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From: Gregg Vanderheiden <gv@trace.wisc.edu>
Date: Sun, 23 Sep 2001 00:36:50 -0500
To: "GLWAI Guidelines WG \(GL - WAI Guidelines WG\)" <w3c-wai-gl@w3.org>
Message-ID: <000901c143f1$c0e384c0$066fa8c0@750>
In our teleconference call Thursday, we had a discussion about how to
handle the differences in browsers and technologies they support.  Three
approaches were discussed for handling this problem.  Each of these is
presented below labeled A, B and C.  These are posted here to stimulate
discussion about the three approaches.

THE PROBLEM

Browsers vary in their ability to handle different technologies,
including style sheets, scripting languages, etc.  Often, browsers which
are accessible (such as LYNX) do not support technologies such as
scripting.

How do we handle writing guidelines so that pages that are written today
will be accessible with the browsers available today without creating
rules that perpetuate restrictions that will not be needed in the
future?

The three approaches for addressing this are:

A) Continue to use “until user agent” language to identify when there is
a guideline or checkpoint which is required today but which may go away
as technologies evolve.


B) Provide multiple specific techniques for addressing checkpoints.
Along with each technique, state those technologies which are required
for that technique.  Imply somehow that the technique should not be used
if the technologies are not supported by today’s access technologies and
provide a link to a location that would tell you which techniques (or
technologies) are accessible at any point in time.


C) Write the guidelines to work in the near future.  Bearing in mind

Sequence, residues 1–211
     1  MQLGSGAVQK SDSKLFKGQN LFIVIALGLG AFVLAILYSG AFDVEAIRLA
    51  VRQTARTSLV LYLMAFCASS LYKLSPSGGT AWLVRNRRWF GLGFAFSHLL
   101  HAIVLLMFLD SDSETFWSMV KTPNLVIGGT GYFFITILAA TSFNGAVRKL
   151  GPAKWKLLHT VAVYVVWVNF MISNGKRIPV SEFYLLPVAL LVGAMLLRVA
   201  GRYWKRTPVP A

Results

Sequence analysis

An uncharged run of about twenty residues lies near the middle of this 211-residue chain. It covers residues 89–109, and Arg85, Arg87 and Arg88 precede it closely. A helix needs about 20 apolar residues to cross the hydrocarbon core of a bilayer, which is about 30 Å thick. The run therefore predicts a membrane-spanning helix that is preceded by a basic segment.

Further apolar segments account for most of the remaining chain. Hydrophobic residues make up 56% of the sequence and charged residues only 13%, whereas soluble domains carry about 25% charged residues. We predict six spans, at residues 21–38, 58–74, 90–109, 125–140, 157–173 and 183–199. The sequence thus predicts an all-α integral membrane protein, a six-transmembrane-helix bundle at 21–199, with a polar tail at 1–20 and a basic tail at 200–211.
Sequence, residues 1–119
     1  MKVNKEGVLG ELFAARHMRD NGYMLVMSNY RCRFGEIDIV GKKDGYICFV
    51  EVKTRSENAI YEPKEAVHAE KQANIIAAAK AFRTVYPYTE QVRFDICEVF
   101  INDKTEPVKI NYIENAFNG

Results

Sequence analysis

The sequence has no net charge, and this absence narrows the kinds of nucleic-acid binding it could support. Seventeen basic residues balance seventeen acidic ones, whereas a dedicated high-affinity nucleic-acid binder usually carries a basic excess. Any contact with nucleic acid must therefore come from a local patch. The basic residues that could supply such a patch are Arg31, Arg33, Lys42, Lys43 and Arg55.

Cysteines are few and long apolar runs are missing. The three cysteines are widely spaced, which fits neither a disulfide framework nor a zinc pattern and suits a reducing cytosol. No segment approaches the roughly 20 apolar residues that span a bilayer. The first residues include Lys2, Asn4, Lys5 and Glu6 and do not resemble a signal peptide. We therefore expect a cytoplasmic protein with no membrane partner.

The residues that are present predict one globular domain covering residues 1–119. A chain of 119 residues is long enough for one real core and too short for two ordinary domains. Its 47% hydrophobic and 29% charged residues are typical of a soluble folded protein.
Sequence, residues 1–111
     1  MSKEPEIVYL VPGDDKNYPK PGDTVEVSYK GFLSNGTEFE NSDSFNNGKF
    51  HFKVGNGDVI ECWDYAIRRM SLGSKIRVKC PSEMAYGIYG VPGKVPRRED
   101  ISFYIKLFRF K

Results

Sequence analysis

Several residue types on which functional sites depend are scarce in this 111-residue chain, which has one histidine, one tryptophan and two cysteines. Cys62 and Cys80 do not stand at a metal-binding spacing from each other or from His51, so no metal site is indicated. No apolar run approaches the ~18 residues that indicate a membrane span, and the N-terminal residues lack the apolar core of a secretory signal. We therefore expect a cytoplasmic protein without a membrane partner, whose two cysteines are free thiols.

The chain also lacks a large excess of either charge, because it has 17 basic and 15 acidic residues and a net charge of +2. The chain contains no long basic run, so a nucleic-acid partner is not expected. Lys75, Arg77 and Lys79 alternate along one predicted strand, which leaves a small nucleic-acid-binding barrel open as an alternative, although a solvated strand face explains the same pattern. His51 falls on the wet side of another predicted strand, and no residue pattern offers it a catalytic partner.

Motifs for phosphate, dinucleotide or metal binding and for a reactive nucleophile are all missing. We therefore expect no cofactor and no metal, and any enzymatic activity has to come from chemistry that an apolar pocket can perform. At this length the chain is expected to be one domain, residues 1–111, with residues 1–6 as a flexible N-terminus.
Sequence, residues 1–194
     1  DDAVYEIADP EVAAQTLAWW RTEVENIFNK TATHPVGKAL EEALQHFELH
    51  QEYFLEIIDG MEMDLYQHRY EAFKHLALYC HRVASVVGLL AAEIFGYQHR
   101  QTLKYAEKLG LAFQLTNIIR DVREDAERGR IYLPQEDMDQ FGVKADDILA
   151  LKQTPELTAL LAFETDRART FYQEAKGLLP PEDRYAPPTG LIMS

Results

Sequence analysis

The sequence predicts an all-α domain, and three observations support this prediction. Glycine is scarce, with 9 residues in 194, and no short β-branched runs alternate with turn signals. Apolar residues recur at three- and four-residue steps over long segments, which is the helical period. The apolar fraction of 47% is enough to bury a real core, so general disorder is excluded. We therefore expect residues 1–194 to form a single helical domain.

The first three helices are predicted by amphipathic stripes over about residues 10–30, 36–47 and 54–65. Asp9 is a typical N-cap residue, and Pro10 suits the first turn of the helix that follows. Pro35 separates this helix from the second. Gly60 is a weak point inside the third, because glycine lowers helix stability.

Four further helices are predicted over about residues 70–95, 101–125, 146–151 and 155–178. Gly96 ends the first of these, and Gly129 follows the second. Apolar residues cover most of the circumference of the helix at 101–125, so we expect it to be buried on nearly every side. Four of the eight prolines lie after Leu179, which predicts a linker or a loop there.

that the guidelines are renewed every year or two, separate those
technologies which are likely to be supported by AT in the short run
(one or two years) from those that are not likely to be supported for
two or more years.  Then, write the guidelines to assume that the
technologies that will soon be available are legal to assume when
writing your web pages.  Those that are not likely to be available soon
would not be mentioned as “potential future solutions,” since it isn’t
likely to be true for the life of the document.


The first two approaches have the disadvantage that if you just look at
the normative document, you can’t determine which techniques are viable
or not.  You have to link off to another separate non-normative document
to determine whether or not a particular technique is viable or
acceptable at any point in time.  They also both require that someone
keep updated analyses continually as to which technologies are or are
not supported in user agent and AT.  They have the advantage, however,
of being accurate if this is done.

The last approach has the advantage of being straightforward,
unambiguous and not requiring that people look up data in a second
document.  It also doesn’t require maintenance of a second document.  It
has the disadvantage, however, that at least initially it allows
techniques to be used on web pages that would not yet be supported by
assistive technologies.

In reviewing these options, it should be remembered that the “when user
agent” problem does not even exist for most of the guidelines.  The
three strategies above are suggested only for those few but important
items where we have this technology transition problem.

I don’t know which one I like best.

Your comments and thoughts?

Gregg
-- ------------------------------
Gregg C Vanderheiden Ph.D.
Professor - Human Factors
Dept of Ind. Engr. - U of Wis.
Director - Trace R & D Center
Gv@trace.wisc.edu <mailto:Gv@trace.wisc.edu>, <http://trace.wisc.edu/>
FAX 608/262-8848 
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Received on Sunday, 23 September 2001 01:36:55 GMT

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